GOODRICH, BLAKE.
Blake Goodrich reminiscences, 1911

Emory University

Stuart A. Rose Manuscript, Archives, and Rare Book Library

Atlanta, GA 30322

404-727-6887

rose.library@emory.edu

Permanent link: http://pid.emory.edu/ark:/25593/8zbjf


Descriptive Summary

Creator: Goodrich, Blake.
Title: Blake Goodrich reminiscences, 1911
Call Number:Manuscript Collection No. 369
Extent: 1 microfilm reel (MF)
Abstract:Microfilm copy of the reminiscences of Blake Goodrich regarding his service in the 7th New Hampshire Infantry Regiment during the Civil War.
Language:Materials entirely in English.

Administrative Information

Restrictions on access

Unrestricted access.

Terms Governing Use and Reproduction

All requests subject to limitations noted in departmental policies on reproduction.

Source

Loaned for microfilming, 1961.

Citation

[after identification of item(s)], Blake Goodrich reminiscenes, Manuscript, Archives and Rare Book Library, Emory University.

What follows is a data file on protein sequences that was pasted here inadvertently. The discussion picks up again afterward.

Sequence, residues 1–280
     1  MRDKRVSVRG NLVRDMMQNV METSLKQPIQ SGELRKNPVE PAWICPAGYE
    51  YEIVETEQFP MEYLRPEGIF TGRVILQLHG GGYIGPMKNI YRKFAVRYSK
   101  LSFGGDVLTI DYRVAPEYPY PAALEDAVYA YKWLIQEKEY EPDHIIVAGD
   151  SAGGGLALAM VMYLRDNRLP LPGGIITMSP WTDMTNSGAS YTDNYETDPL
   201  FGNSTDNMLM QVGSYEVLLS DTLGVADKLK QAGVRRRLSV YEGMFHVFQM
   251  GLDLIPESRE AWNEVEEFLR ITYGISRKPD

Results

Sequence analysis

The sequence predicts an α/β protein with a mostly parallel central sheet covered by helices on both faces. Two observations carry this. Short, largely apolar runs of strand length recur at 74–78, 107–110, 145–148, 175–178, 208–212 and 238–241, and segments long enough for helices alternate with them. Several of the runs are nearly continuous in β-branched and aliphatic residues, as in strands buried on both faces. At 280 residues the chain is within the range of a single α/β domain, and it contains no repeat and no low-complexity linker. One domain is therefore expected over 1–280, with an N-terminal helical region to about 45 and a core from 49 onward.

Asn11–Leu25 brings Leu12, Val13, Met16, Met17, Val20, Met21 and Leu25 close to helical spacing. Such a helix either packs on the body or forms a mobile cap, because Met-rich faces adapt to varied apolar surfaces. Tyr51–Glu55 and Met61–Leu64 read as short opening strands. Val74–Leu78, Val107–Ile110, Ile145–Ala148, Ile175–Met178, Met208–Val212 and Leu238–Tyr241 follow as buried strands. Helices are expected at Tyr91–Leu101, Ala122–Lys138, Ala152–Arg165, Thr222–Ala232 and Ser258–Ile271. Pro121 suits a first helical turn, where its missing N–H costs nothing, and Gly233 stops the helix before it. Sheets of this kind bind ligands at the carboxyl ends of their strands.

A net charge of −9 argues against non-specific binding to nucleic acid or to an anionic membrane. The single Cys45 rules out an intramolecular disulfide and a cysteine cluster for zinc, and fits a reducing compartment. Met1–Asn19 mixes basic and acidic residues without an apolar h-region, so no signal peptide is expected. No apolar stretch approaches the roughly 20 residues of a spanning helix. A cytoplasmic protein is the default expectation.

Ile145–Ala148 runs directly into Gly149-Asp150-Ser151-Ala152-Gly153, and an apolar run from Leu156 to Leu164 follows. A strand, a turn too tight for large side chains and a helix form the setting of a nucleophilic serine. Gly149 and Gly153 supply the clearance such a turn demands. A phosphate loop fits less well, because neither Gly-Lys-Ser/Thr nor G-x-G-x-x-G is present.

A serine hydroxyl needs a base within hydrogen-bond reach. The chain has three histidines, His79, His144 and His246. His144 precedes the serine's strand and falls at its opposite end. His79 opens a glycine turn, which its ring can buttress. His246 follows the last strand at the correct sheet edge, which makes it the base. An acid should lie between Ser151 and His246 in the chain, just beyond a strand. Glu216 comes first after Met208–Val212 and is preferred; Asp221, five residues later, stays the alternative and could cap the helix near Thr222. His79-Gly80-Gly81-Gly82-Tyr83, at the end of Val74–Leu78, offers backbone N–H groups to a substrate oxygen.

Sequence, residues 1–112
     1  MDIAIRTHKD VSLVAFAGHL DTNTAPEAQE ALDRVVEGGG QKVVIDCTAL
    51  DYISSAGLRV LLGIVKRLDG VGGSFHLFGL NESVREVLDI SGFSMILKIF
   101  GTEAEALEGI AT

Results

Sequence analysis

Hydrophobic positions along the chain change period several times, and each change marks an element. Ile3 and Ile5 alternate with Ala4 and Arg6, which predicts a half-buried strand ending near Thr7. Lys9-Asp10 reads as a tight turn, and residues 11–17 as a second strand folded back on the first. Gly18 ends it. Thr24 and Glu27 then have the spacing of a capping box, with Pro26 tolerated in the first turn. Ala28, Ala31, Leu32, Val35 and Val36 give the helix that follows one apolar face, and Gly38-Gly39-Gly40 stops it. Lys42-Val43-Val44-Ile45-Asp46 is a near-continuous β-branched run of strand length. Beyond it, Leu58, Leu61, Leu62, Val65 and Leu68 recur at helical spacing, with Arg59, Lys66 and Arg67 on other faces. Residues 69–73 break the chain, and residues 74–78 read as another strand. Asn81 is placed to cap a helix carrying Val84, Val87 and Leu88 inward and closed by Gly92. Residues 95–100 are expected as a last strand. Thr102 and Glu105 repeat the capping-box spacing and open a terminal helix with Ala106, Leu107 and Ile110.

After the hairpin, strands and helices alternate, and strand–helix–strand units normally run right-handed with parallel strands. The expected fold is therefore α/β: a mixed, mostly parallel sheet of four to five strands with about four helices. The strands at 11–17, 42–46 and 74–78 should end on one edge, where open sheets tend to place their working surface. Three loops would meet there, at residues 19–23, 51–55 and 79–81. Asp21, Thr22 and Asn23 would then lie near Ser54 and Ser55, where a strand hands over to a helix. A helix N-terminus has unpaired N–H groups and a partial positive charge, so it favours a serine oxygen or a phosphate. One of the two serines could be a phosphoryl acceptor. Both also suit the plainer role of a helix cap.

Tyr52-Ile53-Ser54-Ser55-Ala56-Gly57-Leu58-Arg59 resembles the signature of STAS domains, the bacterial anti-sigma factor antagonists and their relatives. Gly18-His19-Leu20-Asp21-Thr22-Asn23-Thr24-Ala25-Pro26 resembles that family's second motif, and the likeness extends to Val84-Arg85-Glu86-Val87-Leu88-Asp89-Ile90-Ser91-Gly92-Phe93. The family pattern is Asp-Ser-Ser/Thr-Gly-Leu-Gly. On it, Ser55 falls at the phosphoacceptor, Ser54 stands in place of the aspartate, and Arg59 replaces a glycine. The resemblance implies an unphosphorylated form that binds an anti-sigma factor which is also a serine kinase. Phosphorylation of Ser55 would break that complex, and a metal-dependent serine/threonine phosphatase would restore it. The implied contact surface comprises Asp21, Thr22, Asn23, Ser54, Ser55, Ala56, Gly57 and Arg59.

Processing

Processed by EK, April 1961.


Collection Description

Biographical Note

Blake Goodrich was in the 7th New Hampshire Infantry Regiment during the Civil War; he served in Benjamin F. Butler's Army of the James. In 1911, at which time he was living in Derry, New Hampshire, he wrote down his reminiscences of the war for Master Paul Brigham of Macon, Georgia. Whether Paul Brigham was a young relative of Goodrich's is not indicated. Goodrich was chief clerk to General Godfrey Weitzel and was with him when he entered Richmond after its surrender.

Scope and Content Note

The collection consists of a microfilm copy of a 47-page manuscript of the reminiscences of Blake Goodrich written in 1911 which is divided into four sections: 1) The cause of the Civil War 1861/1865 and first great battle; 2) Guns used in the Civil War; 3) Campaign of the Army of the Potomac, May 3, 1864-April 9, 1865, the Army of the James and general and important matters; and 4) the last days of the Confederacy and the surrender of Lee. Much detail is given by Goodrich on the weapons used in the war, on the Confederates' appearance and reaction at Appomattox, on the Battle of the Wilderness, and on events leading to the fall of Richmond. Goodrich pays tribute to the Confederates' gallantry and endurance during the war.


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